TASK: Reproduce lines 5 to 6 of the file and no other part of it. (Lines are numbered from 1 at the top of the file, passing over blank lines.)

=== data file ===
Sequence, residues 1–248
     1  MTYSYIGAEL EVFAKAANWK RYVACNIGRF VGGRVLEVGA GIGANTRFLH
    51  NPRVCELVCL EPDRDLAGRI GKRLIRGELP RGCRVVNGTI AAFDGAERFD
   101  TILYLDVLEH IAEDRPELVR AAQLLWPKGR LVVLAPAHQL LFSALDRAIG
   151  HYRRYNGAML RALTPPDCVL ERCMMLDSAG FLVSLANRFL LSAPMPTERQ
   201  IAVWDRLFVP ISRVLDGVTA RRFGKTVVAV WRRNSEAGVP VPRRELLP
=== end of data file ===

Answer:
   151  HYRRYNGAML RALTPPDCVL ERCMMLDSAG FLVSLANRFL LSAPMPTERQ
   201  IAVWDRLFVP ISRVLDGVTA RRFGKTVVAV WRRNSEAGVP VPRRELLP